Harcourt, Robert G.
a58471ca-b1b7-4821-b528-98b546c350cf
Huckstadt, Luis
73702ea8-a970-4ebe-8a8a-494b5bc1da02
Kovacs, Kit M.
3a35e775-8028-4f93-922c-1aa502e6ff47
Lydersen, Christian
1196750c-7d6b-423e-b918-9b8725fa364b
McIntyre, Trevor
4190958c-c3a0-424f-9260-907dc3ed96ac
Muelbert, Monica
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Patterson, Toby
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Roquet, Fabien
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Williams, Guy
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Charrassin, Jean-Benoit
772bdc4e-9145-4d4b-b66e-516c92472e58

Hindell, Mark A., McMahon, Clive R., Bester, Marthán N., Boehme, Lars, Costa, Daniel, Fedak, Mike A., Guinet, Christophe, Herraiz Borreguero, Laura, Harcourt, Robert G., Huckstadt, Luis, Kovacs, Kit M., Lydersen, Christian, McIntyre, Trevor, Muelbert, Monica, Patterson, Toby, Roquet, Fabien, Williams, Guy and Charrassin, Jean-Benoit (2016) Circumpolar habitat use in the southern elephant seal: implications for foraging success and population trajectories. Ecosphere, 7 (5), e01213. (doi:10.1002/ecs2.1213).

Record type: Article

Abstract

In the Southern Ocean, wide-ranging predators offer the opportunity to quantify how animals respond to differences in the environment because their behavior and population trends are an integrated signal of prevailing conditions within multiple marine habitats. Southern elephant seals in particular, can provide useful insights due to their circumpolar distribution, their long and distant migrations and their performance of extended bouts of deep diving. Furthermore, across their range, elephant seal populations have very different population trends. In this study, we present a data set from the International Polar Year project; Marine Mammals Exploring the Oceans Pole to Pole for southern elephant seals, in which a large number of instruments (N = 287) deployed on animals, encompassing a broad circum-Antarctic geographic extent, collected in situ ocean data and at-sea foraging metrics that explicitly link foraging behavior and habitat structure in time and space. Broadly speaking, the seals foraged in two habitats, the relatively shallow waters of the Antarctic continental shelf and the Kerguelen Plateau and deep open water regions. Animals of both sexes were more likely to exhibit area-restricted search (ARS) behavior rather than transit in shelf habitats. While Antarctic shelf waters can be regarded as prime habitat for both sexes, female seals tend to move northwards with the advance of sea ice in the late autumn or early winter. The water masses used by the seals also influenced their behavioral mode, with female ARS behavior being most likely in modified Circumpolar Deepwater or northerly Modified Shelf Water, both of which tend to be associated with the outer reaches of the Antarctic Continental Shelf. The combined effects of (1) the differing habitat quality, (2) differing responses to encroaching ice as the winter progresses among colonies, (3) differing distances between breeding and haul-out sites and high quality habitats, and (4) differing long-term regional trends in sea ice extent can explain the differing population trends observed among elephant seal colonies.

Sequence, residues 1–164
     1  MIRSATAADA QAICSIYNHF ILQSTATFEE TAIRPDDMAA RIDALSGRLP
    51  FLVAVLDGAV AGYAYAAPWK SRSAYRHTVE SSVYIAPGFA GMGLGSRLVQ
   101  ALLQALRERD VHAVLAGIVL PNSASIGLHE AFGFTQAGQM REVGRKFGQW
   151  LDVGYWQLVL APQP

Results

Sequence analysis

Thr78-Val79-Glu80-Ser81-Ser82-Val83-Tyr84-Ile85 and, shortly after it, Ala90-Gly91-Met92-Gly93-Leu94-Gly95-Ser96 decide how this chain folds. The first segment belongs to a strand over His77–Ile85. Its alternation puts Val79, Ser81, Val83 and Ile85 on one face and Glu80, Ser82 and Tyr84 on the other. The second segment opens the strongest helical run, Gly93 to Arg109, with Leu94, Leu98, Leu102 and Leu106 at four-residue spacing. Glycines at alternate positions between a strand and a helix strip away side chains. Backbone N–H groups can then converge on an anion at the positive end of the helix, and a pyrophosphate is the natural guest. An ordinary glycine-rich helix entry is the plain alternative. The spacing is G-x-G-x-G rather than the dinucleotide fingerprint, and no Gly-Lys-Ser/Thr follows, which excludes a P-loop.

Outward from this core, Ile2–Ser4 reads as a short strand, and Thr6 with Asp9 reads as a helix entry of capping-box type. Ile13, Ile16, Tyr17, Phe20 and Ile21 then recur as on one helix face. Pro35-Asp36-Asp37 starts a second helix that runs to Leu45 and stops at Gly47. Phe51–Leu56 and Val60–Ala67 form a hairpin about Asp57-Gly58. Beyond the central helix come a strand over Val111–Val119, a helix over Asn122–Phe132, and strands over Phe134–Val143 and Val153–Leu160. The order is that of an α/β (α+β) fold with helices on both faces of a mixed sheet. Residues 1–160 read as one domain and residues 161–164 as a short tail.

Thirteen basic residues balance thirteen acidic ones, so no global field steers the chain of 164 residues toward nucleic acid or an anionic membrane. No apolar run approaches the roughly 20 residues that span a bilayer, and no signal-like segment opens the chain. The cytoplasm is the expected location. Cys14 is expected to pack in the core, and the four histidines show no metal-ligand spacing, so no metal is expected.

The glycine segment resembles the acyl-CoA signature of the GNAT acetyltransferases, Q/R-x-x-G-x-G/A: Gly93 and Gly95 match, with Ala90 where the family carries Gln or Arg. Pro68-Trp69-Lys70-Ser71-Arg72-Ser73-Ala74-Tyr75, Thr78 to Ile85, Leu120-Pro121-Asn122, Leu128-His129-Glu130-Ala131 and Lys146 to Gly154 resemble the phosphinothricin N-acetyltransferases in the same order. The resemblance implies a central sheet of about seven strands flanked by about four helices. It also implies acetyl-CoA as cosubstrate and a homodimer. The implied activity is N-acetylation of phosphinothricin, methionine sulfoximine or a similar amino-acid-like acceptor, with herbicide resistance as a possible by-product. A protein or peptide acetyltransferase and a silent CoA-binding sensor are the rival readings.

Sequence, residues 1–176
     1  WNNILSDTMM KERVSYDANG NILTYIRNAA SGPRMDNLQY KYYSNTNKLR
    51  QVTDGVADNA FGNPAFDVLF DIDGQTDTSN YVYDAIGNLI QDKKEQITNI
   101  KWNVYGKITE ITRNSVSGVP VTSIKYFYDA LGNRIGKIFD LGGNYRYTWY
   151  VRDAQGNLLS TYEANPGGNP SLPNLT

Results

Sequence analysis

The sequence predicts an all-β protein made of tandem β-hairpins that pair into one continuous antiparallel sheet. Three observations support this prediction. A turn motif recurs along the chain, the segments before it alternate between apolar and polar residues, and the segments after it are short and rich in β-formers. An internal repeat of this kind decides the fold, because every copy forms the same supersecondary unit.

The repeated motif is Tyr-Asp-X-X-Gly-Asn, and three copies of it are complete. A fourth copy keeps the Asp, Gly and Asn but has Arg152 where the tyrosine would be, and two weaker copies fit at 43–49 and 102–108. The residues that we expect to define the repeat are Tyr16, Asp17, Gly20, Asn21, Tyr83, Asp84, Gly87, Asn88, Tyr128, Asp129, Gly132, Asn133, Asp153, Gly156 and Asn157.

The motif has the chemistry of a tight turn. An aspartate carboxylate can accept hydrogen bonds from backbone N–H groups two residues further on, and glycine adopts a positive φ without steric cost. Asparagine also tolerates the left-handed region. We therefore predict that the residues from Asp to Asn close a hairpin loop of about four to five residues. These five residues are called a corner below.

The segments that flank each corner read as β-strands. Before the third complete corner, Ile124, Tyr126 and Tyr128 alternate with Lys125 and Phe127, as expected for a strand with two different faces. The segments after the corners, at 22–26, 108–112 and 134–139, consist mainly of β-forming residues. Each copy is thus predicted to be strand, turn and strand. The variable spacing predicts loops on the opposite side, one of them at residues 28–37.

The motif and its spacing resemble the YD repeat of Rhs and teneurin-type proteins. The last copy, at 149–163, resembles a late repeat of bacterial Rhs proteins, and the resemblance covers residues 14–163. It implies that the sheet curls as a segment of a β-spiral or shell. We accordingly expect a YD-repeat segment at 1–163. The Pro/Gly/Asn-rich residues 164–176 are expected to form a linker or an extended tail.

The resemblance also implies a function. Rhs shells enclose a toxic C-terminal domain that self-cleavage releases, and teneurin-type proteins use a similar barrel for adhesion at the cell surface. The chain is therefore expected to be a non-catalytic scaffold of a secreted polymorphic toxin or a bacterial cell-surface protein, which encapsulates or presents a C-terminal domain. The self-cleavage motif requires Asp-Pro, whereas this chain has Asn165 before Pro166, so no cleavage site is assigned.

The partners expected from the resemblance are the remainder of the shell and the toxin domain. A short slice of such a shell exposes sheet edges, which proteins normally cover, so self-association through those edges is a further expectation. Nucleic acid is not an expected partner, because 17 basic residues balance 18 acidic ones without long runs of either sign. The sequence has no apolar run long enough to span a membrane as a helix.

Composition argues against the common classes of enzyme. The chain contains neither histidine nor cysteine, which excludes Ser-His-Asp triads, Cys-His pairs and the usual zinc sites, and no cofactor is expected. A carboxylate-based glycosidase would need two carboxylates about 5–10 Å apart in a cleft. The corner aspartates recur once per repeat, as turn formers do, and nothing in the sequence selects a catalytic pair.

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Accepted/In Press date: 7 April 2016
e-pub ahead of print date: 26 May 2016
Published date: May 2016
Keywords: foraging behavior, Mirounga leonina, physical oceanography, population status, sea ice, Southern Ocean water masses
Organisations: Physical Oceanography

Identifiers

Local EPrints ID: 398657
URI: http://eprints.soton.ac.uk/id/eprint/398657
ISSN: 2150-8925
PURE UUID: 24a6c553-43e7-4abc-9d2a-74c37bd1278d

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Date deposited: 28 Jul 2016 14:48
Last modified: 27 Apr 2022 07:31

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Contributors

Author: Mark A. Hindell
Author: Clive R. McMahon
Author: Marthán N. Bester
Author: Lars Boehme
Author: Daniel Costa
Author: Mike A. Fedak
Author: Christophe Guinet
Author: Laura Herraiz Borreguero
Author: Robert G. Harcourt
Author: Luis Huckstadt
Author: Kit M. Kovacs
Author: Christian Lydersen
Author: Trevor McIntyre
Author: Monica Muelbert
Author: Toby Patterson
Author: Fabien Roquet
Author: Guy Williams
Author: Jean-Benoit Charrassin